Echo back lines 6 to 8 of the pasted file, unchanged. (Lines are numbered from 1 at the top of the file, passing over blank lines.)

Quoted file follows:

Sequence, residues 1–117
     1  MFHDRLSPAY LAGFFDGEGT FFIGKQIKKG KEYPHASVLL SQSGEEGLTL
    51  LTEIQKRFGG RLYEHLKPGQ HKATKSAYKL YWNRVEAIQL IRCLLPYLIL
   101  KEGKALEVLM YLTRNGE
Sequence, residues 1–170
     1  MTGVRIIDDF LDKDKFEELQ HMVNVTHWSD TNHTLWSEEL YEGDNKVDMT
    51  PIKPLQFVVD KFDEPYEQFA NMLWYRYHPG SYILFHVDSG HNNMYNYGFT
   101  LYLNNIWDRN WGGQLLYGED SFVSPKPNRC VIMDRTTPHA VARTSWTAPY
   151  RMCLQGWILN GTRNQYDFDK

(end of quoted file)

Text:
     1  MTGVRIIDDF LDKDKFEELQ HMVNVTHWSD TNHTLWSEEL YEGDNKVDMT
    51  PIKPLQFVVD KFDEPYEQFA NMLWYRYHPG SYILFHVDSG HNNMYNYGFT
   101  LYLNNIWDRN WGGQLLYGED SFVSPKPNRC VIMDRTTPHA VARTSWTAPY